By John Kimble
Fin. Sitting in a Bangkok hospital for the 10th day in a row, gnawing on a Thai McRice burger. My attitude toward traveling, and this journey in particular, suddenly soured: I hated Bangkok from the moment I arrived when I'd gotten the runaround about the bus schedule into the city. Now, forced to stay in the cultural Disneyland, Western playground, and pervert's paradise that is Thailand, my hatred had phased into prostrate frustration.
The news that I would have to return for more blood tests in two weeks was more crippling than my diagnosis—epilepsy, meaning a strict regimen of anti-convulsive medication for the next two to three years. All I wanted was to get out of Thailand and into China where I planned to begin teaching and, more importantly, living a static life.
Months of traveling through Europe and Asia had taken its toll on my body in ways completely unexpected, and now I regretted trying to rough every moment for money's sake. I had pushed myself too far and now have to face a new reality.
Scene 1. My brother and I had decided to go to Myanmar because ... well, just because we could. It promised to be cheap, adventurous, and not littered with tourists—a blessing coming from Thailand.
We began in Yangon, Myanmar's capital, where characters abound: a book preservationist who was, paradoxically, also a chain cigar-smoker; a six-fingered 12-year-old girl running a coach business and talking on two phones at once; a black-market Indian money-exchanger who exclaimed "Oh my Buddha!" when we told him where we were from; and what seemed like every man on the street chewing and spitting the red nectar of the mildly narcotic betel nut.
We decided to go from Yangon to Mandalay, the last imperial capital of Myanmar, and then move on to Bagan. En route from Mandalay to Bagan, we decided to take a train because it was the cheapest option, and we figured that it would be nice to see the countryside.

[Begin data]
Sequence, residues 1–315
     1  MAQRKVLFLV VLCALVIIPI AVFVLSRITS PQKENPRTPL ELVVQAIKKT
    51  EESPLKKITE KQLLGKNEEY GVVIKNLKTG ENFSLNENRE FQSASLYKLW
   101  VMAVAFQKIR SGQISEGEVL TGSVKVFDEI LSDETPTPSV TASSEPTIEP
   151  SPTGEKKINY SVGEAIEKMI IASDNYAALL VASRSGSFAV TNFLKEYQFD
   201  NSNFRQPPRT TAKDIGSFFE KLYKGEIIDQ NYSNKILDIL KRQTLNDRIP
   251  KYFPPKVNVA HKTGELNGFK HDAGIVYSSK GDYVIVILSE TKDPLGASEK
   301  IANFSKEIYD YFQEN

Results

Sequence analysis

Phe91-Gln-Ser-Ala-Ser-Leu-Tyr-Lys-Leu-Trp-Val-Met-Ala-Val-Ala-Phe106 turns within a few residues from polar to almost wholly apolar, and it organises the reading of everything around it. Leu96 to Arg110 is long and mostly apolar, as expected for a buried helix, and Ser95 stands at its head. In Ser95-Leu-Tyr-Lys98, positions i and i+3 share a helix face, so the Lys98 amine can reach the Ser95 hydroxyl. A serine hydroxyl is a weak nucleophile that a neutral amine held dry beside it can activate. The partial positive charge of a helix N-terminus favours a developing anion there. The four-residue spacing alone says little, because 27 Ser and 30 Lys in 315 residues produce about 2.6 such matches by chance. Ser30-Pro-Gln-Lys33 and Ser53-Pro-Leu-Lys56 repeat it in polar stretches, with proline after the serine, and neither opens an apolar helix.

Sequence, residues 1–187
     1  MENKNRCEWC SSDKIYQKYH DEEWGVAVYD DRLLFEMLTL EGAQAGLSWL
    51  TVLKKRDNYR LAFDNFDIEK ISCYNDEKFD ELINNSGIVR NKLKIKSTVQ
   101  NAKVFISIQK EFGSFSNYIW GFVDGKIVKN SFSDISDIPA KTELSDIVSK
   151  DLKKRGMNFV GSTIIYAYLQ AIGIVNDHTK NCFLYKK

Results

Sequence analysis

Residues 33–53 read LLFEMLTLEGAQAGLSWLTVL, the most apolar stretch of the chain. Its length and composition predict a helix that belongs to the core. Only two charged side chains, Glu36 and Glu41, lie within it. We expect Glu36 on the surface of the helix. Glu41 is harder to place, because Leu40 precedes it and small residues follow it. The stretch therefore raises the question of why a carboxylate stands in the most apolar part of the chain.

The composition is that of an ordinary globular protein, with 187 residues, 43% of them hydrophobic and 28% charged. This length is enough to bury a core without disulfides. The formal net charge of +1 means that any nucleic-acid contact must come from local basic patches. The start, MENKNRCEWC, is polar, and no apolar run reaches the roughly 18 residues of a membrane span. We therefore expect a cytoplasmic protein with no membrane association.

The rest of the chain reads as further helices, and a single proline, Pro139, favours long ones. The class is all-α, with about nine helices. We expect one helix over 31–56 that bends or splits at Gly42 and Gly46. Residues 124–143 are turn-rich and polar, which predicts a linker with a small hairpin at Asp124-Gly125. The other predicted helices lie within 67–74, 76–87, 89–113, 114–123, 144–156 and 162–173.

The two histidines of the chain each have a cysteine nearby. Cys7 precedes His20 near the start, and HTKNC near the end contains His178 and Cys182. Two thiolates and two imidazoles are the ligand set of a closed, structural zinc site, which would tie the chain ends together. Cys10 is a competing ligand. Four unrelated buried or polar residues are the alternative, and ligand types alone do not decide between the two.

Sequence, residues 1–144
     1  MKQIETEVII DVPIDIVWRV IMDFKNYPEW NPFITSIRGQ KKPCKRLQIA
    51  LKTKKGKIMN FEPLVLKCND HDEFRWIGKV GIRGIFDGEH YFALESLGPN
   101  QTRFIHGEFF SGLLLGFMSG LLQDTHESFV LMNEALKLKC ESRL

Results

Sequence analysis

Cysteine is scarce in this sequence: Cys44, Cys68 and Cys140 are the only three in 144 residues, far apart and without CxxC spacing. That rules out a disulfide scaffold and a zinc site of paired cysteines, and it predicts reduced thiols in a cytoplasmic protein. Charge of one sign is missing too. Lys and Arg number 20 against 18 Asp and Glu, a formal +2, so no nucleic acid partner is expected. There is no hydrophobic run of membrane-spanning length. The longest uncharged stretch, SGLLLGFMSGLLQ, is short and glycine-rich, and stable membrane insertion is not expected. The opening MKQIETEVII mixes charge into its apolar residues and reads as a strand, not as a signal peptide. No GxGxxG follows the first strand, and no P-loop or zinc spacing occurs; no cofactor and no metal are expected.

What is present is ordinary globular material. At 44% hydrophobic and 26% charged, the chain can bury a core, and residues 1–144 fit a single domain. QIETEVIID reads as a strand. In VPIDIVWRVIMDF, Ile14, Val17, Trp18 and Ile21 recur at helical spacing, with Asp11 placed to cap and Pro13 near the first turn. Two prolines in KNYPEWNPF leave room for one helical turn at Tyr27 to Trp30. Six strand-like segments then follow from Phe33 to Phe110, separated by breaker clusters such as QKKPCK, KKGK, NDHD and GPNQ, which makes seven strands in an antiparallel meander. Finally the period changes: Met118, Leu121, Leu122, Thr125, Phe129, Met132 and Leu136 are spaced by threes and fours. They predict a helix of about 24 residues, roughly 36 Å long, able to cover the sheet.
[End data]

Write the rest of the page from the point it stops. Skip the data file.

Scene 2. The train was more violently bumpy than I could have ever imagined. Our upper-class tickets meant we got cushioned seats instead of hard, wooden benches. Despite the class distinction, though, the car was filthy and appeared to be as old or older than the 1960s Mazda taxis dominating many of the tourist sites.
Hanging from the roof of each car were two lonesome 40-watt bulbs that increased and decreased in intensity depending on the speed of the train. The eerie, Cronenberg-esque lighting scheme didn't do anything to alleviate my fears that we would derail any minute.
I had been awake for over 20 hours but still couldn't fall asleep with my body being tossed about the cabin. Somehow others were managing, though, and I was immensely envious of the Japanese man across from me sleeping like a baby despite his head violently bashing against the window pane.
To pass the time, I was reading intently in the dim light. At 4 a.m., I saw a mouse run over my feet. Though already uncomfortable, I cringed at the thought of a third-world mouse nibbling at my feet. So I lifted my legs up to my chest and sat like this.
Scene 3. Suddenly, my jaw and mouth began to open uncontrollably. I started to yell, loudly, unable to stop. I looked over at my brother, helpless.
And then there was the feeling of my mouth opening so wide that my mind descended into the dark abyss of my throat.
Scene 5. My next conscious moment: My brother and a Burmese train employee are hauling me off the train and laying me down on a bench in a back room. I am dizzy and throw up, completely disoriented. I am dragged into the bed of a pickup truck where I stare up at the sky while the Burmese men sharing the taxi stare down at me. We are taken to a hotel, where I get in bed and (finally) get to sleep. I wake up feeling a little better.
My brother, noticing I'm up, asks, "Dude, do you know what happened?"
"Motion sickness?" I guess.
"You had a seizure."
Scene 4. I had been convulsing for five minutes after which I collapsed and went straight into a comatose state. That's when my jaw was opening and why, later, I felt the soreness of my muscles and bitten-up tongue.
Scene 6. A string of calls to the American embassy to arrange a flight out of Myanmar, an offer to take me to a hospital in an ox-cart, and a Burmese doctor coming to the hotel to check my vital signs and give me vitamins. Eventually, we got out of Bagan, and back to Bangkok, where I would be marooned for the next two weeks.
This article was first published in CHENGDOO citylife Magazine, issue 2 ("travel")